Filed under 18th century architecture

Shipley Art Gallery

Shipley Art Gallery

This is a brilliant venue, all the more so as it is owned and run by Gateshead Council and is said to have the finest collection of ceramics outside London’s V&A. I visited it when it opened and for an hour I was the only visitor though the staff warned some children were coming later. … Continue reading


For many centuries tradesmen learned their craft via apprenticeships. In Britain they were generally contracted outside the family to widen the skills taught and if a master died, the newly qualified journeyman might marry his master’s widow to continue the business and prevent the family becoming bankrupt. This meant it was rare for people in … Continue reading

St Thomas’s Old Operating Theatre

St Thomas’s Old Operating Theatre

This is a wonderful, haunting but small museum, a place that should make you fall down and give thanks to whoever you believe in that modern medicine exists. It’s in the attic to provide maximum light for operations. Everything is so small, especially the operating table which I doubt would be long enough for me. … Continue reading

Public Dissections

Modern medicine tends to be divided between doctors in general practice, and those in hospitals who specialise in various fields. But for centuries there were two groups: Physicians who were educated, elite and well educated, and barber-surgeons who were mere tradesmen and often treated people by bleeding them. Apparently this in turn dates to when … Continue reading

Octagon Chapel Bath – Update

This chapel was the first subscription chapel in England. William Herchell was organist there and his sister was in the choir. It is one of he most beautiful Georgian buildngs in Bath, but when the Royal Photographic Society moved out it struggled to find new purpose, especially after the main street entrance was sold for … Continue reading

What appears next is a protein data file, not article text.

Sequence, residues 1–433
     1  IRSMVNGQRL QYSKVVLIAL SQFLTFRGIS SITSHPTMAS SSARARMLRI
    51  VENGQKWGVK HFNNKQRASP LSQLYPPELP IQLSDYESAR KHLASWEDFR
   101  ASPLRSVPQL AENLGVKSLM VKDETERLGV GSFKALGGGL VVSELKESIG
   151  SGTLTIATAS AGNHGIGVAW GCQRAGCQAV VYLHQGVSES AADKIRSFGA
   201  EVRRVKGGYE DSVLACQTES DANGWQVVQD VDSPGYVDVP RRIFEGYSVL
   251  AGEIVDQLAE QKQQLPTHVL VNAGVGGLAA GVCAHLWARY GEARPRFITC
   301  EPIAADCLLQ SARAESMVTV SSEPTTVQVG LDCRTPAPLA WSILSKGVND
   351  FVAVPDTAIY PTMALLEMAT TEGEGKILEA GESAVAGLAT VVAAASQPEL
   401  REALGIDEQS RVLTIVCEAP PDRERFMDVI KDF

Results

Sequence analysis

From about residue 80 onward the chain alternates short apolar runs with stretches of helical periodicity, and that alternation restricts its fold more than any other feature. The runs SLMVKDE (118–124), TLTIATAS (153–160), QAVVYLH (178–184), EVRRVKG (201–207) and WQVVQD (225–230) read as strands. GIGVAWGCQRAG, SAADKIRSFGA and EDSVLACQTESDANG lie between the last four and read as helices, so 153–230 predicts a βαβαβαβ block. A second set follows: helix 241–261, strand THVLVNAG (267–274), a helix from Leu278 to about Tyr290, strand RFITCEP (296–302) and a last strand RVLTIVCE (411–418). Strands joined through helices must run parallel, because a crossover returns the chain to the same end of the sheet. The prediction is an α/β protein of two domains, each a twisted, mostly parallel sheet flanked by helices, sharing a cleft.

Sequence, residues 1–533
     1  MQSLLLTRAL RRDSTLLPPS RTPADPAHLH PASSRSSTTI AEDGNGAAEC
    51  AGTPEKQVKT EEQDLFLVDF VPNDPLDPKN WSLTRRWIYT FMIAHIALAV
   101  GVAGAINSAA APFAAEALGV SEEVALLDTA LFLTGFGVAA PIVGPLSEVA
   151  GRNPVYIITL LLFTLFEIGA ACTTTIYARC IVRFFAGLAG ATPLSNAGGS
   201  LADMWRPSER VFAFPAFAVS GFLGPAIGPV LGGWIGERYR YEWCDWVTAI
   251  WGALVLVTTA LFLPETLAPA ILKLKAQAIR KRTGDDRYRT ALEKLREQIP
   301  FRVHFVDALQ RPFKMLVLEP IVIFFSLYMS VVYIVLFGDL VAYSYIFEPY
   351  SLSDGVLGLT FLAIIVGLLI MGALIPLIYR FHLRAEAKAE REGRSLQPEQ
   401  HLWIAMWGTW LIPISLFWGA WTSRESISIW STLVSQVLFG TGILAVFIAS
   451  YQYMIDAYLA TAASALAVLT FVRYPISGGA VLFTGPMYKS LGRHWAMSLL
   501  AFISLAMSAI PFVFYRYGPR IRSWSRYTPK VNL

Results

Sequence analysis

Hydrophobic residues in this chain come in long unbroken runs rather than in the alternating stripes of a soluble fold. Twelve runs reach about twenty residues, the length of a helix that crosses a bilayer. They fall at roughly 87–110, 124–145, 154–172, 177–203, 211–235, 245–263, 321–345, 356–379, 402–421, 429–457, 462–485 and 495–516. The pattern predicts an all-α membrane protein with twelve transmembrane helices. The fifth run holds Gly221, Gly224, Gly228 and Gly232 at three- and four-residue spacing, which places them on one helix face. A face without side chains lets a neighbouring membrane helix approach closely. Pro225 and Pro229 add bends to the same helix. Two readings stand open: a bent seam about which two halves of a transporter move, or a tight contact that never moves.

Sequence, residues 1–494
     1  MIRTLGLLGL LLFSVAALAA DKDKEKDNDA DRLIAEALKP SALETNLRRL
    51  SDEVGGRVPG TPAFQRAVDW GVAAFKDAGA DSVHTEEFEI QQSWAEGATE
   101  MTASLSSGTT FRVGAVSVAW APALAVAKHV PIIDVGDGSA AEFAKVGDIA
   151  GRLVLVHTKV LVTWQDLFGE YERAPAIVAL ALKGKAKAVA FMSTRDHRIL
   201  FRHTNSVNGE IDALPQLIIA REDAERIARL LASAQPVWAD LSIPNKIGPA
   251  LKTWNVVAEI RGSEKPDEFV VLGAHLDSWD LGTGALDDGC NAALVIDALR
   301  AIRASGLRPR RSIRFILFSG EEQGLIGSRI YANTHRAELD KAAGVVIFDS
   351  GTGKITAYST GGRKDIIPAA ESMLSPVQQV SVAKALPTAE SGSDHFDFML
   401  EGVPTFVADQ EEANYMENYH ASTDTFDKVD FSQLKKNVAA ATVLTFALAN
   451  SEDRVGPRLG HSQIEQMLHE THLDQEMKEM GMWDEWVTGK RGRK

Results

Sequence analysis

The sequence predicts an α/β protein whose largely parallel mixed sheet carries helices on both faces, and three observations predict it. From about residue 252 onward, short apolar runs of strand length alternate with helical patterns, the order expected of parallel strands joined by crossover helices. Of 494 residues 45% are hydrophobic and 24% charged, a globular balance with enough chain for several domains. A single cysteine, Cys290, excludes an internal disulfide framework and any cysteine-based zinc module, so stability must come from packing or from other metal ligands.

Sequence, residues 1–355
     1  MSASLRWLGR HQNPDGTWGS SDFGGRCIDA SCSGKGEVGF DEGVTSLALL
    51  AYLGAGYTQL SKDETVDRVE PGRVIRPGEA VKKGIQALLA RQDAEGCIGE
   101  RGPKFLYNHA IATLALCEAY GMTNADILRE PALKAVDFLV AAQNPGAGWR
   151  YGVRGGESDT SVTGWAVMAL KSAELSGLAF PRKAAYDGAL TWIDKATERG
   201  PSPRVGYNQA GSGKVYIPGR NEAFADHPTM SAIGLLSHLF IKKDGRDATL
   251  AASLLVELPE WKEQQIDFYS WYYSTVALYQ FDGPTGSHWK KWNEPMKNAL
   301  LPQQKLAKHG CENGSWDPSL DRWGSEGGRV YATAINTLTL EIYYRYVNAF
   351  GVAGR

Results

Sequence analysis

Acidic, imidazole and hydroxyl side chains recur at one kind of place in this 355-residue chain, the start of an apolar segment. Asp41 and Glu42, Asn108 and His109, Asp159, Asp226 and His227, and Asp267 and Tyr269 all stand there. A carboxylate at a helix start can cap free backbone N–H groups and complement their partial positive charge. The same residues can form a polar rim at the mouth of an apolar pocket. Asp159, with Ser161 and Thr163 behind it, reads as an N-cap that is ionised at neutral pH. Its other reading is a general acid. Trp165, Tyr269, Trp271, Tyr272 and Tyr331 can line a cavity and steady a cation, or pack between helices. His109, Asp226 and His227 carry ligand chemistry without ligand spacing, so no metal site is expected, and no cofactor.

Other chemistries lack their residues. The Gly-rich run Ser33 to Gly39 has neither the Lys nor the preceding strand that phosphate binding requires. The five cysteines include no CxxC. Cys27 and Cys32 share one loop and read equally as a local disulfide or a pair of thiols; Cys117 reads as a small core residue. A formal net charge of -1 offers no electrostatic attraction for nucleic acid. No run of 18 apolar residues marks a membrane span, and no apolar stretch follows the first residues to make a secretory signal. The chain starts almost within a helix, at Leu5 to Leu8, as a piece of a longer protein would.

Strawberry Hill House

Strawberry Hill House

This country house at Twickenham is often mentioned in literature of 18th century England, but I thought it had been lost long ago. Incredibly, it has been rescued and is now open to the public. This gem was built by Horace Walpole, youngest son of Britain’s first Prime Minister. It was the first modern gothic … Continue reading

William Wallace’s Kirk Found?

This is from the latest Current Archaeology: The remains of a medieval church, recently discovered in Selkirk, may be the remains of the ‘Kirk of the Forest’ where William Wallace was made Guardian of Scotland following his victory at the Battle of Stirling Bridge in 1297, archaeologists suggest. Chris Bowles, Scottish Borders Council archaeologist, together … Continue reading

Newcastle’s Castle

Newcastle is a large, ancient city in the north of England, the birthplace of Sting and Eric Burdon, but despite the name, few people probably think about its namesake. This is from Highways & Byways of Northumberland: The castle occupied an area of 3 acres enclosed by a curtain shall through which the chief entrance … Continue reading

Byzantine Acoustics

This may seem to be a piece that’s gone way of the obscurity meter even for my posting, but sound in churches is intriguing, because it shows how much ancient people could figure out and get acoustics right without our modern technology. There is a general consensus that religious music and architecture are interconnected, but … Continue reading

After the Fire

Last year one of the nation’s most important 18th century mansions went up in flames. When I saw it on the news I thought that was the end of it, but miraculously, parts of it survived and the National Trust is now restoring it. Not to its full original state, as too much was lost … Continue reading